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Tornadoes, Hidden Wills, and Treachery

Author: Connie Feddersen

Book two in the Amanda Hazard cozy mystery series starts as any good cozy should: with a darkening storm, an isolated farm, and a dead body. It begins when Amanda comes to visit her cantankerous client, the isolated and generally disliked, Elmer Jolly. Already her not-so-great for the rural wilds of Oklahoma car is having issues with the pitted country backwoods roads. And there is no help out here. With lowering storm clouds, all she has seen is one speeding pickup truck, and little to no shelter.  When she gets to Jolly’s farm she’s determined to help her client into the storm cellar before the impending twister hits. Only Elmer isn’t anywhere to be found. Hidden away in the already flooding cellar though, Amanda finds her next investigation floating dead among his canned preserves.

Once again, however, local heart-throb sheriff and Amanda’s on-again-off-again love interest thinks the death of this old man was just bad luck. His missing glasses, strange phone call, and that run-away pickup are all negligible details. But Amanda knows there is more to the story and she suspects that Elmer’s missing will spells it all out. Will Amanda find the will before the killer does? Which one of the money grasping relatives had it in for dear old Elmer with his hidden fortune? What about Elmer’s opportunistic neighbors and the bad-blood and juicy scandal local beauty shop gossip Velma is all too willing to dish. Soon enough, it looks like everyone but Hazard had an excuse to help the old man straight into a watery grave. Meanwhile, her hunky sheriff has found himself a new catch in town and their budding romance is just as dead as poor old Elmer.

Feddersen’s Hazard series is as cute as ever, perfectly combining cozy locals and images with a playful writing style and some good old-fashioned gumshoeing. The romance between Hazard and Sherriff Thorn is still distinctly over-blown, what with their pre-teen sexual subtext and continual misunderstandings and blow-ups (admittedly, something that could be decreased), but that doesn’t keep fans for rooting for the self-dooming couple non-the-less. We may mock, especially as Thorn’s “control” is sorely tested when one dark and stormy night delivers Hazard right to his doorstep, but we’re still invested and willing to take the silly along with the cozy.

What really shines here, in addition to the country setting and our occasional insights into Hazard’s not so bad attempts at farming, is the scope of the mystery. We, along with Hazard, have seen the softer, more likable side of the dearly departed, but the rest of the town, especially the ill-named Jollys, all have reason and opportunity to off the offending Elmer. Soon, the search for his will leads the killer or the relatives (or both) to begin playing pranks on Amanda’s non-too-secure home, leaving her to tough it with the inimitable Thorn at his ranch. This gives the couple a chance for some choice words and near intimate moments, made all the more confusing by their mutual side relationships, all while the killer leaves a very careful and deliberate trail that only the nosy Hazard will be tempted to follow.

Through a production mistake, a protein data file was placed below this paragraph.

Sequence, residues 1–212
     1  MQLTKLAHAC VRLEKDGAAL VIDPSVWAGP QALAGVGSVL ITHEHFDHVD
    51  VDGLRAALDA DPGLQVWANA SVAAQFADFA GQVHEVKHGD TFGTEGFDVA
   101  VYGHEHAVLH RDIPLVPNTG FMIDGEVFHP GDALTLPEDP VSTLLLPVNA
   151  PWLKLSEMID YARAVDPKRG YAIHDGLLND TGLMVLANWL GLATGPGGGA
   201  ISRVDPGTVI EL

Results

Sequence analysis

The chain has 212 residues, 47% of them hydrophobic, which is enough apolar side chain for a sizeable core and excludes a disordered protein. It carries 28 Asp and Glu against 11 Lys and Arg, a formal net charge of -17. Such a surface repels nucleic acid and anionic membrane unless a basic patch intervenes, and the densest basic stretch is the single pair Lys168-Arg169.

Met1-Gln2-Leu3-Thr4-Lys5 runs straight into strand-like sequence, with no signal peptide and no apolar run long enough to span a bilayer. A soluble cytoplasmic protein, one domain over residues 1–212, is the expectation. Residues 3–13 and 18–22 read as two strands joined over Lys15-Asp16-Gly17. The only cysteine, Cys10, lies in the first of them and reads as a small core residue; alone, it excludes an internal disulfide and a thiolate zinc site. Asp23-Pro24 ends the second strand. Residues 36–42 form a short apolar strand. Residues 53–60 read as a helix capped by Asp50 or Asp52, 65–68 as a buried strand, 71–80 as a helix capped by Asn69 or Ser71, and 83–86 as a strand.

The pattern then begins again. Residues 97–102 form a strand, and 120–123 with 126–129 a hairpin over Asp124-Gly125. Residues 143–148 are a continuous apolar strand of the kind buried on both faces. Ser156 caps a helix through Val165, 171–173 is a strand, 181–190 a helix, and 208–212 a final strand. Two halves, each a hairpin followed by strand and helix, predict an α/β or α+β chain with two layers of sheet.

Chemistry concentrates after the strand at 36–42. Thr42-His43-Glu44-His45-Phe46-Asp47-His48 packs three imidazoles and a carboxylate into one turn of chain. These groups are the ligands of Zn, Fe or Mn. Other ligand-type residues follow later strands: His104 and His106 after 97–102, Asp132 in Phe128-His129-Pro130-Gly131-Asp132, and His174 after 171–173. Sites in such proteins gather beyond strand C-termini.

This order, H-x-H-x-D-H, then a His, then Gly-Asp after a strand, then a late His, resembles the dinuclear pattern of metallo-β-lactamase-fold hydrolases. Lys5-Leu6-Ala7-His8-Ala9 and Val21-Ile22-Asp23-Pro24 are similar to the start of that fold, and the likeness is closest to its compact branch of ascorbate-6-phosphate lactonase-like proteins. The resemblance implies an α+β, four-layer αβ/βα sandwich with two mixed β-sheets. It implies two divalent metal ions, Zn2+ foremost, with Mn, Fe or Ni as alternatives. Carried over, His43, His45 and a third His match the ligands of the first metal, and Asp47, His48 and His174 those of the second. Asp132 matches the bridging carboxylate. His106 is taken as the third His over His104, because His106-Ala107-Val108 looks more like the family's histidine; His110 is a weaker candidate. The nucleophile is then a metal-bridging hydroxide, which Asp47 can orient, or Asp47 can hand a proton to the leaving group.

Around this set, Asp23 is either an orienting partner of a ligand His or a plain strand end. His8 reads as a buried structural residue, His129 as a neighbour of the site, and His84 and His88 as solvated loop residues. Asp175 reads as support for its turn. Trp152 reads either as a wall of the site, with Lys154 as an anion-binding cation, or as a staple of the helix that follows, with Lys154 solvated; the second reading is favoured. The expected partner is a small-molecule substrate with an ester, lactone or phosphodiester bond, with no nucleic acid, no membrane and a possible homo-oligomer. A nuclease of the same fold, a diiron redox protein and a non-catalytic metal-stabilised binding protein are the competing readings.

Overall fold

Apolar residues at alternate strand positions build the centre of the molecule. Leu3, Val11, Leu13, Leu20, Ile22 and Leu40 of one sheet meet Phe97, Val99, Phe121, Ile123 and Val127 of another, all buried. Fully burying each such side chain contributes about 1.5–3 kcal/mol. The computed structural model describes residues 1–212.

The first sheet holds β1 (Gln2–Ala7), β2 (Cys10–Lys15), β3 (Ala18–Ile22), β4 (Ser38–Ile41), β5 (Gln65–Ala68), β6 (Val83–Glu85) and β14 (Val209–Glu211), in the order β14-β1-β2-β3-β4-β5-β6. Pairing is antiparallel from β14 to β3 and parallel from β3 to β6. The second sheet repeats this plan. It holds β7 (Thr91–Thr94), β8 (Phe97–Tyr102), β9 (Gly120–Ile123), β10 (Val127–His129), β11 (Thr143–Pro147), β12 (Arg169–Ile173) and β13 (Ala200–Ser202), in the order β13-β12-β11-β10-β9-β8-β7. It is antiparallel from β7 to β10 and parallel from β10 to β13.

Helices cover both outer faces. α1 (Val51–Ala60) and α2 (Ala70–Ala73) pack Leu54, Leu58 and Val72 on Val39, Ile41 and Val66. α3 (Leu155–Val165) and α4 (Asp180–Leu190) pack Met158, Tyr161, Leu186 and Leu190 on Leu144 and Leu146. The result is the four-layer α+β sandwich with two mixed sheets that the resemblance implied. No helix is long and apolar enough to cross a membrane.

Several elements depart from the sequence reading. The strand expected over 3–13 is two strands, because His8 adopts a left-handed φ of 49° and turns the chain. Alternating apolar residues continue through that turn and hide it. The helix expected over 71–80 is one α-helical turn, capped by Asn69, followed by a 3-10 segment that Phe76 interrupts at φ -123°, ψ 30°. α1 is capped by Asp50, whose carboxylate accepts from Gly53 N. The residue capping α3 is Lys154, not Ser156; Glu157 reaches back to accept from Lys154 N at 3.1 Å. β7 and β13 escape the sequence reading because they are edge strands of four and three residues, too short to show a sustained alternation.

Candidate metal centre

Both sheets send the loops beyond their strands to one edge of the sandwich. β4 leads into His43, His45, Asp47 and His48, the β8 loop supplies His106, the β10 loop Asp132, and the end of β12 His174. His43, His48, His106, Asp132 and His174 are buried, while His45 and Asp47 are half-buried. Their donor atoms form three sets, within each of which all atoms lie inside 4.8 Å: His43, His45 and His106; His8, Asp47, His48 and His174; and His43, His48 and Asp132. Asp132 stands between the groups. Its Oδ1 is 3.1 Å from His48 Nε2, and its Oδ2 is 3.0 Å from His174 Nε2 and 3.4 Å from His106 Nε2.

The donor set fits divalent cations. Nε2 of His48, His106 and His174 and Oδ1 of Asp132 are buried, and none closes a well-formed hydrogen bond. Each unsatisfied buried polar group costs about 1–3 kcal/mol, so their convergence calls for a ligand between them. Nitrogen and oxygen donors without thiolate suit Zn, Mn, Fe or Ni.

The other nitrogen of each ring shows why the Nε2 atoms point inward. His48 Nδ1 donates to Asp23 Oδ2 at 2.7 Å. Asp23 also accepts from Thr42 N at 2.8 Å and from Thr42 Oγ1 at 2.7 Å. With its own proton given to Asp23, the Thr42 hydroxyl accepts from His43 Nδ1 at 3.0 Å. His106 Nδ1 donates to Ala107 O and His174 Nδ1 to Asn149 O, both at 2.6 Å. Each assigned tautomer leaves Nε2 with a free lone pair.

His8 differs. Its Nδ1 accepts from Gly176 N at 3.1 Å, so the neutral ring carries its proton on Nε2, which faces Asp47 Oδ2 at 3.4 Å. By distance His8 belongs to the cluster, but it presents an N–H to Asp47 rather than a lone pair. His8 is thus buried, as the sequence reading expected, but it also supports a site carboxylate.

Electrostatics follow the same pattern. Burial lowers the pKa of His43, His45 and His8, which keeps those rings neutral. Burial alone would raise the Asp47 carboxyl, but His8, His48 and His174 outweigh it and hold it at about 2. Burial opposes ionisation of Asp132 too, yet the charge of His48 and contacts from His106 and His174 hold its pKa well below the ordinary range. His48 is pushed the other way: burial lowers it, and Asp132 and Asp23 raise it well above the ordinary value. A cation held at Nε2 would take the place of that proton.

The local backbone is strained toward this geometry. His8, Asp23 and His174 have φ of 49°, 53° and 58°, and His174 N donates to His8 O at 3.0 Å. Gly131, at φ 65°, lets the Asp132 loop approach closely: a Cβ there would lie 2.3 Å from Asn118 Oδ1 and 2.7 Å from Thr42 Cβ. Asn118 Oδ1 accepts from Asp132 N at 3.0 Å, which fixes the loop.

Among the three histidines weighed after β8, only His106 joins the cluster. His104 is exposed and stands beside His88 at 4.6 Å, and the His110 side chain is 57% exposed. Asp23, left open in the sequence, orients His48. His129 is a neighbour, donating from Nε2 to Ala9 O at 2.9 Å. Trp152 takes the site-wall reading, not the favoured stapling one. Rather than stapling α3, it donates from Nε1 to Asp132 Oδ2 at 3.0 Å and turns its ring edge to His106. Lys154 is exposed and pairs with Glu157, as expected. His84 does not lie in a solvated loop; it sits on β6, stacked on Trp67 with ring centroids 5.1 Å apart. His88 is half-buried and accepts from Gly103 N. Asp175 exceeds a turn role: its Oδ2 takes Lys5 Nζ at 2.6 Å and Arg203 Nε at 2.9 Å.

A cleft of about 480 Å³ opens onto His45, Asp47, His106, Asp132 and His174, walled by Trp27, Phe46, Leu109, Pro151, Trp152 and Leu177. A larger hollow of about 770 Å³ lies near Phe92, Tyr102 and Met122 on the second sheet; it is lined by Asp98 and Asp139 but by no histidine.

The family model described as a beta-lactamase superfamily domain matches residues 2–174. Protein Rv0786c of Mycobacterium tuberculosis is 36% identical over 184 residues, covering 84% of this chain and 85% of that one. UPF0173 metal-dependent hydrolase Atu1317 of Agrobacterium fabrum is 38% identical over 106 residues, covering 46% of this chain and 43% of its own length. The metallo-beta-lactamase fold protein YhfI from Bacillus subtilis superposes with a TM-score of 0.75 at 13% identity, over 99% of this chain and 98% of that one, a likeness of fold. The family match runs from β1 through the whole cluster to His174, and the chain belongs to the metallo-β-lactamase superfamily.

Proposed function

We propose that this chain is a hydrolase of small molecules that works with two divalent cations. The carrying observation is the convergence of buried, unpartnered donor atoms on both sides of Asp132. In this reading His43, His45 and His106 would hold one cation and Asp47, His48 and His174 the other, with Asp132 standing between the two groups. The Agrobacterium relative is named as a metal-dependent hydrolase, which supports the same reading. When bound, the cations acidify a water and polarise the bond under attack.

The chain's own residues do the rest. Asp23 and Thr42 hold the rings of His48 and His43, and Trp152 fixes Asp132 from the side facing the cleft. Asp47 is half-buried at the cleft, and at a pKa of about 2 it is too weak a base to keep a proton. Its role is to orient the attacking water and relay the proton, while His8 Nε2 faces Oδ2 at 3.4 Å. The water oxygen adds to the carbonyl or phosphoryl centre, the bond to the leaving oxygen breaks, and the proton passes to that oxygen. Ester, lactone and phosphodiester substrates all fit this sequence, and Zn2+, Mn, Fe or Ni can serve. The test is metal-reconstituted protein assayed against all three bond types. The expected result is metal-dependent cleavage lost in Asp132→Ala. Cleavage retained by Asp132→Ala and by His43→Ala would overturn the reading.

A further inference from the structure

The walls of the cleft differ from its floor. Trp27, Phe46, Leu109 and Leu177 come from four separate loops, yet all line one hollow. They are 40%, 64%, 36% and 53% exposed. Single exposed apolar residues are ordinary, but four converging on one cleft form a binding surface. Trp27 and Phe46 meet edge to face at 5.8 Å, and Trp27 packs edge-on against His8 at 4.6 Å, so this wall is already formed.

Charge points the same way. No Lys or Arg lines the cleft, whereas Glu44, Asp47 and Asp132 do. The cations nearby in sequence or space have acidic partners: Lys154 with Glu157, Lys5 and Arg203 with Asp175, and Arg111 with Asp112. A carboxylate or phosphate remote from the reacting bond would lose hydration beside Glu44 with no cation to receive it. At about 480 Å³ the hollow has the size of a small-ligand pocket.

The conclusion is the usual fair – extended near death/killer confession sequence with some heart-pounding moments. As in the last episode, the concluding piece takes place with an abduction and speeding car, a talkative killer, and a finale that leaves Amanda bumped and bruised but more than ready for her next mystery.

Dead in the Cellar is another enjoyable moment in the series. It moves along Amanda and Nick’s relationship while giving us a fairly complex and involved who-dunnit investigation and a good payoff with a satisfying final answer. All the while, the cozy aspect of the series, born from the location, the amused sense of writing, and the ultimately likable characters, keeps the tone upbeat.

– Frances Carden

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Frances Carden

Frances has a Masters in Fiction Writing from Johns Hopkins and works as a technical writer during the day, where she attempts to make software exciting.
Frances Carden

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